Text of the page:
In this case as the chain pulled towards the rear of the vehicle if the wheels freewheeled the vehicle would just sit on top of the spinning wheels. (Or maybe move backwards, I have to think about this some more, maybe the chain moves in the oposite direction from what a conventional track would, hmmhh)

Where are the 20 years of Popular Science my mother threw out, I told her I would need them one day!

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Doug_Kibbey
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PostPosted: Fri Feb 17, 2006 2:13 pm
Post subject: Re: It's time for a vehicle quiz

- Tumbleweed
I think I remember seeing one of these at Camp Pendleton. The wheels were not powered. They could not free-wheel while on the ground because the top of the wheel was in contact with that big, square block of metal above them. In fact, this would have supported all of the weight. So as the chain drive moved it would make the wheels on the ground roll forward. So basically the vehicle was rolling forward on the tires. Kinda like if you laid a bunch of logs down next to each other you can roll heavy weights on them. Like the Egyptians did to move blocks for the pyramids. If that makes any sense Confused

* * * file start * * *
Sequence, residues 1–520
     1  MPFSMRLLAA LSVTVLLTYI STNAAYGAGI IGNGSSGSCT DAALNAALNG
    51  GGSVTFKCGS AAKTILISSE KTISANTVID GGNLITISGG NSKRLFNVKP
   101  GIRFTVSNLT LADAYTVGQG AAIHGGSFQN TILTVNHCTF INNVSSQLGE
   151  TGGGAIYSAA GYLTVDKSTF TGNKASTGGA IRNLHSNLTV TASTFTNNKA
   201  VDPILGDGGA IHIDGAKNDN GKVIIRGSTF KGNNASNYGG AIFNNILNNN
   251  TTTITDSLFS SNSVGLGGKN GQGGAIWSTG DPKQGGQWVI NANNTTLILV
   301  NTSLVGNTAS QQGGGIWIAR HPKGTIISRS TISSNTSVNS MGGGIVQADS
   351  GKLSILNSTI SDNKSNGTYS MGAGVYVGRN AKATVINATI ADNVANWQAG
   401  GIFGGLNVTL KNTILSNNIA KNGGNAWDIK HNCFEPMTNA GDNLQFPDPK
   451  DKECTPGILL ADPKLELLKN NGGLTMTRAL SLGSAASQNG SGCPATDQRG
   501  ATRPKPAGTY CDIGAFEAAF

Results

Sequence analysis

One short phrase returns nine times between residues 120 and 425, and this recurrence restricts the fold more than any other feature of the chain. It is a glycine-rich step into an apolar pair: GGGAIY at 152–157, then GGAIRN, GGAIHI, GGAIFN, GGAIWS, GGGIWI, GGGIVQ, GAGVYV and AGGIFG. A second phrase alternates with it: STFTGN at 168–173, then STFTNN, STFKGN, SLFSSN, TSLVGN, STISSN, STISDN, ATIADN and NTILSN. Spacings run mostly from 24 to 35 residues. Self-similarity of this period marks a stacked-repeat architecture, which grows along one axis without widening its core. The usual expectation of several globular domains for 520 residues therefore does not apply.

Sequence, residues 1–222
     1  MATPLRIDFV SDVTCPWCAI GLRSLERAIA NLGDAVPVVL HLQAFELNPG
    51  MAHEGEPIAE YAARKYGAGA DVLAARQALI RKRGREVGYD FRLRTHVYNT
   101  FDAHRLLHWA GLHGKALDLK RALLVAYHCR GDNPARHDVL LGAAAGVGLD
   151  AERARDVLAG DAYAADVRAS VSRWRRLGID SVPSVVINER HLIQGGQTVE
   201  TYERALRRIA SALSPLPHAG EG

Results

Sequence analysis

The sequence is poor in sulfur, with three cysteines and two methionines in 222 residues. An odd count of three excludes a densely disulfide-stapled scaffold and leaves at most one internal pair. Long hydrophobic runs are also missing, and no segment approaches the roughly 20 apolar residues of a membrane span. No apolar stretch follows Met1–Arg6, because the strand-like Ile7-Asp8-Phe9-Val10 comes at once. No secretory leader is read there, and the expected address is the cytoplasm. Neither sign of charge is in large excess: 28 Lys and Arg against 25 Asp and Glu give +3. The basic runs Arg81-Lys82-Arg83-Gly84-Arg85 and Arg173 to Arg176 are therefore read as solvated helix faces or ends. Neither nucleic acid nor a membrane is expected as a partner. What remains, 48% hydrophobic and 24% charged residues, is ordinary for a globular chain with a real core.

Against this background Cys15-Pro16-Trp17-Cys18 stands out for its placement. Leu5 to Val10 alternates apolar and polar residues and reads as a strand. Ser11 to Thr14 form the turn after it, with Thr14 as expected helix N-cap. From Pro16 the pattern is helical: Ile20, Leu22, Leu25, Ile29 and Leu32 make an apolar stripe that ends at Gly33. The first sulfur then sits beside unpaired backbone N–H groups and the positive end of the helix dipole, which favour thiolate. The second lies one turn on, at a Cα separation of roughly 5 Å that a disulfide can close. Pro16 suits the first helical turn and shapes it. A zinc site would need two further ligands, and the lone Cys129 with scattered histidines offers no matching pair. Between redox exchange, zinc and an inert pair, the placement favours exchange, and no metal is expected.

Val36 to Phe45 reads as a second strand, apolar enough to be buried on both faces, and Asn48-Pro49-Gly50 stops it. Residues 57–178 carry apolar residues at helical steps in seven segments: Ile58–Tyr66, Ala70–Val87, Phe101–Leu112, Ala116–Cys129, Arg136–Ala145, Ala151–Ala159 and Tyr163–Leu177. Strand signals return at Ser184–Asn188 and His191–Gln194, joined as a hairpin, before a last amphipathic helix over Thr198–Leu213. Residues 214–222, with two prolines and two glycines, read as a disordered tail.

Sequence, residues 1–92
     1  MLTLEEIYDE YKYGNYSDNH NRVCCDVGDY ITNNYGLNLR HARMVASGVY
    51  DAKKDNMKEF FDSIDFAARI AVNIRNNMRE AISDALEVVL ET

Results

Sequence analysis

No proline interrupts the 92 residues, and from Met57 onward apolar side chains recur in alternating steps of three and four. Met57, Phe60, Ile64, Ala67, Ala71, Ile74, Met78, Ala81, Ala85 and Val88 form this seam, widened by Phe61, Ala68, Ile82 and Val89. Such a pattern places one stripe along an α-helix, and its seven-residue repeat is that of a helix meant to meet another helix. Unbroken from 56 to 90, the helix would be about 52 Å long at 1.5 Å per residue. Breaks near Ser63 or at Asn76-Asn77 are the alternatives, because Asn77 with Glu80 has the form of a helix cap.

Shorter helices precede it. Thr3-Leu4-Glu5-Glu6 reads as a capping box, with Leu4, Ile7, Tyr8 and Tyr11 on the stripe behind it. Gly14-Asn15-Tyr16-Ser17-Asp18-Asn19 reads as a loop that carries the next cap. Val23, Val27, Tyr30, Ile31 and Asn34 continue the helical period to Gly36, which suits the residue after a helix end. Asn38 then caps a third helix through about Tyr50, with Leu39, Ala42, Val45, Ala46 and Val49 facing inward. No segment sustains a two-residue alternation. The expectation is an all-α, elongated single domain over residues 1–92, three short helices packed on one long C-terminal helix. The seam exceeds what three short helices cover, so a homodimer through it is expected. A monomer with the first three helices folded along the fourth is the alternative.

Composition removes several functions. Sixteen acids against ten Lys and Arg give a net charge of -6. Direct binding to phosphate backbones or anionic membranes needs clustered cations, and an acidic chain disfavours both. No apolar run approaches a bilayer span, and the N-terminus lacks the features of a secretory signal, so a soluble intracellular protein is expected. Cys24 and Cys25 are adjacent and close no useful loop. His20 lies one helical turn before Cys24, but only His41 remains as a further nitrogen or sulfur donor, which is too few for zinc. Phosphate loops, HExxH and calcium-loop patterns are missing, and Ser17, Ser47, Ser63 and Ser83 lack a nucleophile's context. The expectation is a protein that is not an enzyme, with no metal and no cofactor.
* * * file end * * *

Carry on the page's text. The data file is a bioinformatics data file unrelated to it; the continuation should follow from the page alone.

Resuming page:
If they couldn't free-wheel while on the ground due to friction with the square block of metal, how is it that they could roll forward?
I can only see this working if the wheels "ratchet" in such a way that they roll forward, but not backward, but this will create big friction when they are on the forward run over the top.
Other than floation (like in loose sand or swampy conditions) what possible advantage could this have over regular track, which will have less ground pressure?
This whole getup only seems worthwhile if all wheels are driven somehow...and that's hopelessly complex.
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Dontos
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PostPosted: Fri Feb 17, 2006 2:13 pm
Post subject: Re: It's time for a vehicle quiz

- bsmart
There was another vehicle that had wheels set in triangles where the wheels could drive the vehicle or the triangle units could rotate acting like paddle wheels or it could use a combination. The twin screw vehicle has been mentioned.


Bob.

That sounds like the weird post-nuclear war vehicle in 'Damnation Alley' .

And it came out of an Air Force Silo storage room! Shocked

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Jinx
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PostPosted: Fri Feb 17, 2006 3:50 pm
Post subject: Re: It's time for a vehicle quiz

I found some images of the XM759 online. These are captures from a PDF document. I hope they are not too big (the original document is about 8MB in size). Hope they help.

Here is a link to the original document. Warning, though: it took a bit of conjuring to get it to load. There might be some corruption in the file.

www.almc.army.mil/alog...6_69so.pdf

But everything in there is in these captures. And in a more manageable size, too.